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11 February 2016

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1916 descendant unveils Easter Rising plaque in Belfast

A YOUNG BELFAST REPUBLICAN with family connections to the Easter Rising in Dublin 1916 has unveiled a plaque in memory of those who died in the fight for Irish freedom.

Naoise Ó Faoláin is the great-great-nephew of Ringsend man Patrick Whelan, who was killed in action during the Rising, unveiled the new memorial stone in the Andersonstown Memorial Garden at South Link.

'Volunteers' on guard at the memorial plaque before the unveiling

'Volunteers' on guard at the memorial plaque before the unveiling

Patrick Whelan was shot dead in fierce fighting with British Army units attempting to cross Baggot Street Bridge on the Wednesday of the Rising. The young Volunteer was under the command of Eamon de Valera, whose forces had taken over the strategically-positioned Boland's Mill at Ringsend, near Dublin Docks.

An enthusiastic member of the Gaelic League and a renowned hurler, Whelan was shot just below the eye and died instantly. He is buried in Glasnevin Cemetery in Dublin.

Describing being asked to unveil the memorial stone as a great honour, Naoise Ó Faoláin, who has been active in the Mairead Farrell Republican Youth Committee and is a member of Sinn Féin in NUI Galway where he is studying, said:

“I am really proud to be able to say that I had a relative who played an active role in the 1916 Rising. That heritage is important and it is really crucial that we highlight it, especially as my uncle Joe Keenan's name is inscribed on the memorial garden in South Link.”

Interestingly, the 22-year-old student, like Patrick Whelan, is both a Gaeilgeóir and a hurler and is studying for his degree in Galway through Irish having been educated at Bunscoil Phobail Feirste and Coláiste Feirste.

Rosie McCorley MLA addresses the crowd as  Seán 'Ginty' Lennon and Naoise Ó Faoláin look on

● Rosie McCorley MLA addresses the crowd as Seán 'Ginty' Lennon and Naoise Ó Faoláin look on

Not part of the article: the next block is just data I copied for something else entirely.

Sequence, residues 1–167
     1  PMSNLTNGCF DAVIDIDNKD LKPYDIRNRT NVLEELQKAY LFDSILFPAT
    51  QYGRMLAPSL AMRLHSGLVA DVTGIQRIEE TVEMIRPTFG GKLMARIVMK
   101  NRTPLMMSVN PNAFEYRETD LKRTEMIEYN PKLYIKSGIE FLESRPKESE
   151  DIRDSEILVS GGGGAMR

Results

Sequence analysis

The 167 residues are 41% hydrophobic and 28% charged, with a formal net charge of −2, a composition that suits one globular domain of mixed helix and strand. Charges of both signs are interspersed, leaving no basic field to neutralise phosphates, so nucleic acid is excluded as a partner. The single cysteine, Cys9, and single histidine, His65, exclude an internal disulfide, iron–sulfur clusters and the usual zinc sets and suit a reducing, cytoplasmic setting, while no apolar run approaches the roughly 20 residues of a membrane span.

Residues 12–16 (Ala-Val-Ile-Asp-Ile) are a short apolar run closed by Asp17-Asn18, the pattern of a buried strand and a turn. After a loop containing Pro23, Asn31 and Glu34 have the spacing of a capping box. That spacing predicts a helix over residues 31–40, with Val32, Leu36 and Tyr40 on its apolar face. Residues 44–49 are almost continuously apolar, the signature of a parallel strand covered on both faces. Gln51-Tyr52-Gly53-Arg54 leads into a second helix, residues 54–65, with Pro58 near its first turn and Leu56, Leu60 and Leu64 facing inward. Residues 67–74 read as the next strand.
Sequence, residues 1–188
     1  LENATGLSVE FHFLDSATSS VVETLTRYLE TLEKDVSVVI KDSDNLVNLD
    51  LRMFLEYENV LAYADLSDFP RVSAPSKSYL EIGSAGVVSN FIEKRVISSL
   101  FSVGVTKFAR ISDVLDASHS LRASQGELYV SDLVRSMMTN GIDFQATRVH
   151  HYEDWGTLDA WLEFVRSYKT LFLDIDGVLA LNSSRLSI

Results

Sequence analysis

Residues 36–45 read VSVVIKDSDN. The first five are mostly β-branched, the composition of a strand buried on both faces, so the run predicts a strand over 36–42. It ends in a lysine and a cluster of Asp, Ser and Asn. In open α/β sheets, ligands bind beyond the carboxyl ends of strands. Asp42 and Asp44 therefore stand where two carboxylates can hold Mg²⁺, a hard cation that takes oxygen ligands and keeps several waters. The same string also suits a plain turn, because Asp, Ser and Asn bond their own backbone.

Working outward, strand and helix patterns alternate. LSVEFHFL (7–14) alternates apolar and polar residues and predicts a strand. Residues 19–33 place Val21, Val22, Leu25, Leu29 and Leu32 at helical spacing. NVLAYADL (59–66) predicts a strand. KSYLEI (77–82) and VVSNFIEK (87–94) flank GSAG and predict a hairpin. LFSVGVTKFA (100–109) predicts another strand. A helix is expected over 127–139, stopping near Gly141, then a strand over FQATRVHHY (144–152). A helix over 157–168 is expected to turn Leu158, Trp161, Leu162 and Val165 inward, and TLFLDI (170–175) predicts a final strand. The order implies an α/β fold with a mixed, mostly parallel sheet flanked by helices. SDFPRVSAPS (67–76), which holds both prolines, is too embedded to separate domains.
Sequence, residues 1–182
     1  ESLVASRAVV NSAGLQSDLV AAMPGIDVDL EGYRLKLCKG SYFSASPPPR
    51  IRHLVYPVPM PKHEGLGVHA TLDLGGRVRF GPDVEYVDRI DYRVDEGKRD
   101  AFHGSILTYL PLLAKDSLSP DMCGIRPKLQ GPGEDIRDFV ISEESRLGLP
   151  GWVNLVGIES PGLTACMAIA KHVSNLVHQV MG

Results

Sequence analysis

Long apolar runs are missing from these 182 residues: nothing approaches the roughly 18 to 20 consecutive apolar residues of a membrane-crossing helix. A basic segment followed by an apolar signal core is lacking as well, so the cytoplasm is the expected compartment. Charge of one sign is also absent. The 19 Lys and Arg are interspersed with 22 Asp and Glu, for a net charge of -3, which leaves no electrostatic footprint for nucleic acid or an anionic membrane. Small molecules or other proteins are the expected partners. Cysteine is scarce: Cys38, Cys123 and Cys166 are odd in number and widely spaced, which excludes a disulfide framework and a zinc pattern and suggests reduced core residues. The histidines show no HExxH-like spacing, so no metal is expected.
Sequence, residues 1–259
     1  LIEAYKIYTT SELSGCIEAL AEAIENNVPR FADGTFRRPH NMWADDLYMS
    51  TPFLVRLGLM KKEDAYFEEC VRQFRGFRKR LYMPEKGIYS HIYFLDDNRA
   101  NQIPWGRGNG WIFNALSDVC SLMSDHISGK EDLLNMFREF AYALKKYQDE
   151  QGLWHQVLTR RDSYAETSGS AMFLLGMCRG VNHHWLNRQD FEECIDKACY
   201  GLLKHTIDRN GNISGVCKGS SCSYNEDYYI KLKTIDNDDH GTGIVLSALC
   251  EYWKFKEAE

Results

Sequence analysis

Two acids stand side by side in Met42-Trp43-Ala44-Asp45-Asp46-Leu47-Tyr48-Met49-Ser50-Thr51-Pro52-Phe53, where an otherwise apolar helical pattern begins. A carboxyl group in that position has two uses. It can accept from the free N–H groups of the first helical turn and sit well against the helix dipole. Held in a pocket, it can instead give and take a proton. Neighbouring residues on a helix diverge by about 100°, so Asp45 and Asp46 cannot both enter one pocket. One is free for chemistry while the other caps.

The main speaker at the event, Sinn Féin MLA Rosie McCorley, stressed the importance of the new plaque “which makes a link between the men and women 1916 and through the decades since partition to the present day”.

Rosie McCorley also commended the committee of Uachtar na bhFall Coiste Cuimhneacáin for the work they carried out over a weekend that saw an exhibition of 1916 memorabilia put on display in the Andersonstown Social Club.

Many of the artefacts on display will be included in the main 1916 exhibition scheduled for the Ambassador Hotel in Dublin from the end of this month.

An Phoblacht Magazine


  • Don't miss your chance to get the first edition of 2019 published to coincide with the 100th anniversary of An Chéad Dáil and Soloheadbeg.
  • In this edition Gerry Adams sets out the case for active abstentionism, Mícheál Mac Donncha takes us back to January 21st 1919, that fateful day after which here was no going back and Aengus Ó Snodaigh gives an account of the IRA attack carried out on the same day of the First Dáil, something that was to have a profound effect on the course of Irish history.
  • There are also articles about the aftermath of the 8th amendment campaign, the Rise of the Right and the civil rights movement.

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